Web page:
A safe haven
One writer remembers how the gay bars of her 20s felt like a safe haven.
In the olden days—meaning when I was a young adult in the 1970s in Sacramento—coming out meant getting brave enough to tell your parents and a few friends that you were in love with your “roommate.” It didn’t mean getting to walk down the street holding hands with your girlfriend or leaning across the table to kiss her during a romantic dinner at a restaurant.
In those days, almost all public displays of affection were limited to a dark little bar called the Casino Club on 16th Street. Given the relatively small gay community here at the time, there was usually only one bar in business at a time, so when that one closed, there was the Crescent Moon on Broadway, the Hawaiian Hut in West Sac, and later the Blue Moon on Franklin Boulevard. Outside the world of “The Bar,” as we called whatever establishment we were frequenting at the time, we all lived our own little semicloseted lives. Inside, we could be who we each felt we really were, without fear of reprisal.
This is what I thought about that past Sunday when I heard about the massacre in Orlando. As a 65-year-old lesbian, I am the first to admit that the world is much more accepting of my tribe than it was when I was in my early 20s and trying out my identity for the first time. But I also know that many gays and lesbians, young and old, still feel the need for a safe haven, a place where they can dress however they want to, where they can be the person they have always felt they were, without shame.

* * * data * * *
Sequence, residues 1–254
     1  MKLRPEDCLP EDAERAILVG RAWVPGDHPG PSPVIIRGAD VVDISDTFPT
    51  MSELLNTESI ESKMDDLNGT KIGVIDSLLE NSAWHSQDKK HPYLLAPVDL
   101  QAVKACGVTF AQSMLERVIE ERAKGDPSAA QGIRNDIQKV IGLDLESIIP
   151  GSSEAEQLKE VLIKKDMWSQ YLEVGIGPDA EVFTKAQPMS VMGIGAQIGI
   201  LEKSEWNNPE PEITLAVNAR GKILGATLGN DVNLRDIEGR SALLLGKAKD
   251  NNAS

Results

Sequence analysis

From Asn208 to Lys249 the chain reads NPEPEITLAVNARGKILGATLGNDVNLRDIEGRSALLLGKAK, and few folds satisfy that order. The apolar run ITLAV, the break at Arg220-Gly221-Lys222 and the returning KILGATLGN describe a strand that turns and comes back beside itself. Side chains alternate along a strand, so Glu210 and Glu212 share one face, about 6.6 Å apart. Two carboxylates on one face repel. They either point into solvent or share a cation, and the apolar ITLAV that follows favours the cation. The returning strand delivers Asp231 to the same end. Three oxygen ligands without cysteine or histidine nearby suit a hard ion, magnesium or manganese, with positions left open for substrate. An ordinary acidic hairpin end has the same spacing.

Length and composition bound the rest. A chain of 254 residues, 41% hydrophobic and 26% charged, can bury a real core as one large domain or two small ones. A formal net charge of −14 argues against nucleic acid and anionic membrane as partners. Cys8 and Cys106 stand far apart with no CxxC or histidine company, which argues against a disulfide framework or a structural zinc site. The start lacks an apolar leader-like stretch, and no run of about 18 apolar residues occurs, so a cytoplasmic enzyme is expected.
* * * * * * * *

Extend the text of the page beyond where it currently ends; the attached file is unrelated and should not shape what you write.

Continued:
I haven’t been to a gay bar in years—the last time was an evening at Faces with straight friends who were looking for a fun place to party. But in the early days, we went to laugh and drink Miller Lite and dance to Donna Summer and even play pool, although I was terrible at it. I could wear Levi’s and button-down shirts, without feeling like I looked too “dykey,” or that people were looking at me and wondering if I was “like that.”
Over the years I’ve gone to gay bars in San Francisco, Oakland, even New York, and the feeling is always the same—like coming home to my people. And for us, there was no disgrace there, only acceptance and the sense that, within those walls, we were just like everyone else.
This is by no means meant to take the emphasis off the gun control aspect of the Orlando shootings. Nothing diminishes that. But the invasion of what most of those patrons undoubtedly saw as a refuge reminds me of how few places people like us have in the world, places where we are welcomed for being who we are.
I think back on those days at the Casino Club, trying to aim that cue ball to get at least one ball into a pocket. I never mastered it, but I felt my own true power on those nights, and the heady freedom of getting to carry it inside me while I was there.